I was looking down into the sky, and the whole range of mountains, having one line of summits under my feet, and another above me, seemed to be suspended between the firmaments. Shut your eyes, and dream of a scene so unnatural and so beautiful. What I have said is most strictly and scrupulously true; but it was one of those happy moments that can seldom occur, for the least breath stirring would have shaken the whole vision, and at once unrealized it. I have before seen a partial appearance, but never before did, and perhaps never again may, lose sight of the lake entirely; for it literally seemed like an abyss of sky before me, not fog and clouds from a mountain, but the blue heaven spotted with a few fleecy pillows of cloud, that looked as if placed there for angels to rest upon them.-P. 259.

· Homed and housed' at Keswick, Coriolanus, not Macbeth and the Temthe poet lived in a sort of domestic pest. The story wants unity, and has, solitude; working upon reviews and perhaps, too Greek, too stoical, a want graver themes, which he variegated

of passion ; but as far as I can see, with with occasional glasses of port wine,

the same eyes wherewith I read Homer,

and Shakespear, and Milton, it is a good and glimpses of the view before his window.

poem, and must live.' Ile pourtrays himself with quite a Montaigne simplicity Perhaps all works — whether of and liveliness. We see him bending the pen, the pencil

, or the chisel — over his desk, in the large odd require patient scrutiny, in proporlooking study, dressed in long worsted tion to the delicate harmony of their pantaloons and gaiters, and with a composition. A glance of the eye green shade to protect his eyes. The takes in Tintoret; but a whole day cat, having soon found his room the scarcely unfolds the grace of Raffaelle. quietest in the house, gives him her Sir Walter Scott assured Southey constant company, and sits by his that he had read Madoc three times, side, and purrs with almost as much and with an increasing sense of its melody and rhythm as many lines in merits. We are, nevertheless, unKchama. He had formed a canine, willing to admit the high panegyric as well as a feline acquaintanceship. bestowed on the poem by its author. Poets, from Pope and Shenstone to Taking occasion to mention William Cowper and Miss Mitford, have re Taylor's opinion, that the press had joiced in dogs. Southey had one, a sent out no production equal to Madoc well-bred hound, Dapper by name; since Paradise Lost, Southey adds,affectionate, but a coward. Of deti • Indeed this is not exaggerated ciency in courage some convincing praise, for unfortunately there is no illustrations are recorded. A por- competition.' This was a bold saycine apparition shook Dapper's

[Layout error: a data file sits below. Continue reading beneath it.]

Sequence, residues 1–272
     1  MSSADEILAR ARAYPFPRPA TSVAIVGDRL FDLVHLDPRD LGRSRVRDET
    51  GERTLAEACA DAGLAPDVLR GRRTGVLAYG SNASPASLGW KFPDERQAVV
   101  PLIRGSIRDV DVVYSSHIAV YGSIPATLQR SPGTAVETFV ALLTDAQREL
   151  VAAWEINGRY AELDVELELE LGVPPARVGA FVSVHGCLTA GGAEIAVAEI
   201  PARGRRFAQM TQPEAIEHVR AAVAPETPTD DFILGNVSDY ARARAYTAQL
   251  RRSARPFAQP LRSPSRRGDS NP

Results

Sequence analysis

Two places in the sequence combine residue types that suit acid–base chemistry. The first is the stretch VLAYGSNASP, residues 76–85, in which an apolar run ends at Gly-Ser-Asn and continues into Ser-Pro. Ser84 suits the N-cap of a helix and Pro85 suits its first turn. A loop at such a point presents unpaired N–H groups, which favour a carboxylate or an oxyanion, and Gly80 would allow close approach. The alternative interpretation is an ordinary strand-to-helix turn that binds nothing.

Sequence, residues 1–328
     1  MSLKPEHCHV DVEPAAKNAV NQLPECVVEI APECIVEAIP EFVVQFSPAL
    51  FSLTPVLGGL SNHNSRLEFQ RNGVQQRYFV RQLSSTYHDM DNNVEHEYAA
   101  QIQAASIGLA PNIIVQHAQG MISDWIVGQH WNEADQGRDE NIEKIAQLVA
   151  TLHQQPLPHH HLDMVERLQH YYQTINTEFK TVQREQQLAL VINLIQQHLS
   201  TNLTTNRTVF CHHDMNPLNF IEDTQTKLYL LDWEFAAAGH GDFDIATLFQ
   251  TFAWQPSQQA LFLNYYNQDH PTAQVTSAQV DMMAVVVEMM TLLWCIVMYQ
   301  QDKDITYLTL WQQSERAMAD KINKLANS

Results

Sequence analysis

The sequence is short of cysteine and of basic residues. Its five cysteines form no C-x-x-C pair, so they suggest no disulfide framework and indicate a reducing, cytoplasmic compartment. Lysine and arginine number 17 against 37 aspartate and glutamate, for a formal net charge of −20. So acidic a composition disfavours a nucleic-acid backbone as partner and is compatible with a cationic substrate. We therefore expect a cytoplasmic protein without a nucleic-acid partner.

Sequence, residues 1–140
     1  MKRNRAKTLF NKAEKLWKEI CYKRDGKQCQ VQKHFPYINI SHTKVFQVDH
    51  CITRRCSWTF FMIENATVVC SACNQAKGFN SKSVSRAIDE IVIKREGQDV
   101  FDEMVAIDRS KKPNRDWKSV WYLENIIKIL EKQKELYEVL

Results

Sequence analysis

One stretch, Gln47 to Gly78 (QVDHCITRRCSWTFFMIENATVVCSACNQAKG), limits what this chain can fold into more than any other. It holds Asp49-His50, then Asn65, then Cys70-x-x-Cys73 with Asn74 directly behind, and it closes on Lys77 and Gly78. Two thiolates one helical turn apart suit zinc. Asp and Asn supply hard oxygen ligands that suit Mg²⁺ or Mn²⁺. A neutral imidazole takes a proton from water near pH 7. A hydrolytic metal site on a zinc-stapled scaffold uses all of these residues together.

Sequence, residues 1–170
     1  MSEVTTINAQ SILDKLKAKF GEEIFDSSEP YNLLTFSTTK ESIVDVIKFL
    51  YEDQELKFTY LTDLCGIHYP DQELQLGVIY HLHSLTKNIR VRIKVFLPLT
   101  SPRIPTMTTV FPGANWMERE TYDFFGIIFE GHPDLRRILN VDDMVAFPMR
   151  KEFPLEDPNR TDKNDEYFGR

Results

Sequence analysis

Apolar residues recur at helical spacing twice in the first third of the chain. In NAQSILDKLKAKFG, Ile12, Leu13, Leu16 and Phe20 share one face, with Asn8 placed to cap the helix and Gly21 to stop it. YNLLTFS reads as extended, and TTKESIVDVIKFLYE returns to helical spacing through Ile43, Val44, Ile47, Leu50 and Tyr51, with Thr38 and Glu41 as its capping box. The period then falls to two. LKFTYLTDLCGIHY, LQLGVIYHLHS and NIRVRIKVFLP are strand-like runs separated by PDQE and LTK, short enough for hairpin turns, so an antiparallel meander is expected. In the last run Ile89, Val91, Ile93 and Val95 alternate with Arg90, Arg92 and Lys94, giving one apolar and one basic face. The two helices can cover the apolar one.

shook Dapper's ing; and bolder than it was wise. nerves for the day. But other In that long interval of more than qualities over balanced the defect. one hundred and thirty years, our And now the poet closes his book, Poetry was enriched with contribuand sauntering down to the river tions which will be treasured for all (Dapper at liis heels) which runs at time. Milton himself had built a the bottom of the orchard, he throws wing to his splendid palace of song; instones until his armis ache. Not a ferior in its architecture, and less sumpthought of history or drudging goes tuously furnished ; but still of grand with him. He confessed that he design and beautiful execution. Drynever got into any regular train of den had written his exquisite Fables; thought, unless the pen was in his Pope had in one piece displayed the hand. The shade of orchard - trees lustrous gaiety of Ariosto, with was for poetry and Madoc.

chaster graces of fancy and taste; This great opus, of which number Thomson had dipped his language in less intimations meet the reader of the lights of the rainbow, Young the Correspondence, at length reached had shed abroad the full wisdom of Keswick in its presentable shape; his most thoughtful mind; and a beautiful book in quarto, very Akenside had revived among us the dear, and having «Snowdon 'spelt fading bloom of classic colour and wrong throughout. 'I cannot belp outline. feeling,' he wrote, “that the poem Our remarks upon these volumes looks like the work of an older man; have been, of necessity, too rapid, to that all its lights are evening sun permit of any close or chronological shine.' Madoc did very well; half arrangement. With so large a tract of the edition having been exhausted to fly over, we have been obliged to in three months. Although late in keep almost constantly upon the appearance, it had been among the wing. Dropping down now and earliest of his poetical visions, and he then